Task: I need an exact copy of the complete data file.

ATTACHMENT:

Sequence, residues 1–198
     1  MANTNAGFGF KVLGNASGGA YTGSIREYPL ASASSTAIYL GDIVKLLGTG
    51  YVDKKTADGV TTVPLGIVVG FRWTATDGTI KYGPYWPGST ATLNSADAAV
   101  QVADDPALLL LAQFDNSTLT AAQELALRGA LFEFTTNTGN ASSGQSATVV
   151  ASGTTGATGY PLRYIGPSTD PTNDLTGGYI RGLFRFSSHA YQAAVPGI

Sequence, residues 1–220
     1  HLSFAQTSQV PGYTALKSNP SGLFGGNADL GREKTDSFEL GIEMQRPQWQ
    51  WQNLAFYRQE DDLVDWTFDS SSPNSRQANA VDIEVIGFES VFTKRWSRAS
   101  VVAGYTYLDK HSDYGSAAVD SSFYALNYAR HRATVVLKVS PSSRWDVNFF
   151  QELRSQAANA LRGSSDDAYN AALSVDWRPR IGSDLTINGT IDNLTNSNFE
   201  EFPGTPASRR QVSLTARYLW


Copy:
Sequence, residues 1–198
     1  MANTNAGFGF KVLGNASGGA YTGSIREYPL ASASSTAIYL GDIVKLLGTG
    51  YVDKKTADGV TTVPLGIVVG FRWTATDGTI KYGPYWPGST ATLNSADAAV
   101  QVADDPALLL LAQFDNSTLT AAQELALRGA LFEFTTNTGN ASSGQSATVV
   151  ASGTTGATGY PLRYIGPSTD PTNDLTGGYI RGLFRFSSHA YQAAVPGI

Sequence, residues 1–220
     1  HLSFAQTSQV PGYTALKSNP SGLFGGNADL GREKTDSFEL GIEMQRPQWQ
    51  WQNLAFYRQE DDLVDWTFDS SSPNSRQANA VDIEVIGFES VFTKRWSRAS
   101  VVAGYTYLDK HSDYGSAAVD SSFYALNYAR HRATVVLKVS PSSRWDVNFF
   151  QELRSQAANA LRGSSDDAYN AALSVDWRPR IGSDLTINGT IDNLTNSNFE
   201  EFPGTPASRR QVSLTARYLW